After a 4 hour 43 minute spacewalk to replace a failed power regulator and install cabling, ESA astronaut Tim Peake and NASA astronaut Tim Kopra are back inside the International Space Station.
The meticulously planned and executed sortie was stopped early after Tim Kopra reported a small amount of water building up in his helmet. The two Tims worked in close cooperation with each other to return to the Space Station, with NASA commander Scott Kelly and cosmonaut Sergei Volkov waiting inside to help them out of their suits.
They left the confines of the weightless research laboratory at 12:48 GMT after their five-hour preparations to don their spacesuits and purge their bodies of nitrogen to avoid decompression sickness.
This was the first spacewalk for a British astronaut, but also the first sortie for the suit used by Tim Peake, which arrived on the Station in December.
Tim Kopra went first to the far end of the Station’s starboard truss, with Tim Peake following with the replacement Sequential Shunt Unit. Swapping the suitcase-sized box was a relatively simple task but one that needed to be done safely while the clock was ticking.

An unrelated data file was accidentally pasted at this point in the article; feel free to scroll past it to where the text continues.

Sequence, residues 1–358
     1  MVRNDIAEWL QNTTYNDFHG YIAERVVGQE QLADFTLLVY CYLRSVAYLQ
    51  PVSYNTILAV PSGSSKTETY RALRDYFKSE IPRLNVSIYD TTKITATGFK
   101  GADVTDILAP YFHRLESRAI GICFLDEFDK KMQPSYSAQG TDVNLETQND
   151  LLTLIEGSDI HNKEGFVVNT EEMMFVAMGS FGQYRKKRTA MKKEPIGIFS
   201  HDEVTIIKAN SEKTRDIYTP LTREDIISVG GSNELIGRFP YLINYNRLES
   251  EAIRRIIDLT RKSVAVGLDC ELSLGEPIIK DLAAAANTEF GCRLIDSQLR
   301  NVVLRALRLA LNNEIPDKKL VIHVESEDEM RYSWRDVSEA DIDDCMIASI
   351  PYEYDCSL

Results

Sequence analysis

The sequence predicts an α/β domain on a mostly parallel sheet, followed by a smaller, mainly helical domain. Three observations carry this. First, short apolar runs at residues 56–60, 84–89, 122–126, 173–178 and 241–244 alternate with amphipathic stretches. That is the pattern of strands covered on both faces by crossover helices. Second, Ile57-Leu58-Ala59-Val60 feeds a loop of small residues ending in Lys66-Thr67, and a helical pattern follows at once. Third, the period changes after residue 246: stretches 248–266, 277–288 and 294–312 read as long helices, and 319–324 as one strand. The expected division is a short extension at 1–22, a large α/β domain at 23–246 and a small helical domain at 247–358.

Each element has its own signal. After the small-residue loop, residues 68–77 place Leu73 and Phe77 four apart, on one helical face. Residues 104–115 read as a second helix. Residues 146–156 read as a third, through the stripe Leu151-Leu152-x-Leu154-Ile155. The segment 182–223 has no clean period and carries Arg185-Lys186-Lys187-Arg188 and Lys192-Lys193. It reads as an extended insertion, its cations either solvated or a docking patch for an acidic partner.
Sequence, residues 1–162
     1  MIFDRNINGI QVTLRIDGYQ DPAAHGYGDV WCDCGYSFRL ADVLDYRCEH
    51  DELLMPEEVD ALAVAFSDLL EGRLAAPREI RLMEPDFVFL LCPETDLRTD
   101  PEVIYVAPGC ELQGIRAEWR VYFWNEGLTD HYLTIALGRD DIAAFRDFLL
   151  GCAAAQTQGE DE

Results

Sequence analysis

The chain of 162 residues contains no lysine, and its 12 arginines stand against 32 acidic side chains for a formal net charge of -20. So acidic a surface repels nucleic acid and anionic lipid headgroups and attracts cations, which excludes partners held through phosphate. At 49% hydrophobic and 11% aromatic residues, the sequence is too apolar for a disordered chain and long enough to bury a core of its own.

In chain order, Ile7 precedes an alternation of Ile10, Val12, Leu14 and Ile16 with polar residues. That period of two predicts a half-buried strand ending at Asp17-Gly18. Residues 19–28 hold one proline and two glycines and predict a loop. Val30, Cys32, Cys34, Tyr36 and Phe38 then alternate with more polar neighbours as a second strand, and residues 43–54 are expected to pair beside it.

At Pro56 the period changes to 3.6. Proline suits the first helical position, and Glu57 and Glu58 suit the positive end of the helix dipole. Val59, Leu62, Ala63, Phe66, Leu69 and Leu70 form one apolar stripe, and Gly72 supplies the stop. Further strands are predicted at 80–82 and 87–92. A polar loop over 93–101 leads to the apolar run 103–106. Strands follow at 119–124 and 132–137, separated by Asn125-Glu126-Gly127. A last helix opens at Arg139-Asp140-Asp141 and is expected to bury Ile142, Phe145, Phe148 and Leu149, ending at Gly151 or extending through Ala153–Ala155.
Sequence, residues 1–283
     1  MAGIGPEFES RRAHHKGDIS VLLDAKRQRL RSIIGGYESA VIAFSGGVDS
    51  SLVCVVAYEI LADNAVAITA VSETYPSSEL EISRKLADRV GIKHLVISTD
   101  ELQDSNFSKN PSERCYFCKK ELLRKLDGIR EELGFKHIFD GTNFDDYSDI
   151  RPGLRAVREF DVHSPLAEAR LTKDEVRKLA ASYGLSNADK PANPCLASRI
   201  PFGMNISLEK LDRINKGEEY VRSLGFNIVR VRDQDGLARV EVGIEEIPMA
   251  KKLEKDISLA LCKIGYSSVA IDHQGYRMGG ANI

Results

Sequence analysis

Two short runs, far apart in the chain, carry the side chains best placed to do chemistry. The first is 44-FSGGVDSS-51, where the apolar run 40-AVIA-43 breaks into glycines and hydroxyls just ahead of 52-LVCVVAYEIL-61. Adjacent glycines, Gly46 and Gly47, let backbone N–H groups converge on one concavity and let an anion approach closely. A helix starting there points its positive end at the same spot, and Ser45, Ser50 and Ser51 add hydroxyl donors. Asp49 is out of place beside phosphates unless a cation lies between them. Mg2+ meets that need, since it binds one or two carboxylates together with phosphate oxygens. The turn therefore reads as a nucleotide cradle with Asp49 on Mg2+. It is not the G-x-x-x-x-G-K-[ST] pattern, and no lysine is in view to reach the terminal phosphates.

To avoid high-voltage sparks, the unit could only be replaced as the Station flew in Earth’s shadow, giving spacewalkers half an hour to unbolt the failed power regulator and insert and bolt down its replacement.
With their main task complete, the Tims separated for individual jobs for the remainder of their time outside. Tim Kopra reinstalled a valve that was removed as part of the relocation of the Leonardo module last year but was told by Mission Control to return to the airlock before he could start his next task, after he had reported the water in his helmet.
Tim Peake was installing new cables for a new docking system when Mission Control decided to end the spacewalk early, asking the duo to clean up their work and move back to the airlock two hours ahead of schedule.
The spacewalk officially ended at 17:31 GMT when the Tims began the repressurisation of the Quest airlock.
Back to science
It has been a busy time for the pair. Since their 15 December arrival they have taken part in two spacewalks – probably one of the most intensive but exhilarating part of an astronaut’s job description.
The Station is now operating again at full power capacity, after it had dropped by an eighth when the regulator failed in November. That unit will be returned to Earth for inspection and possible refurbishment.
With the spacewalk completed, Tim has a few days of rest before continuing work on the extensive scientific programme that is part of his six-month Principia mission.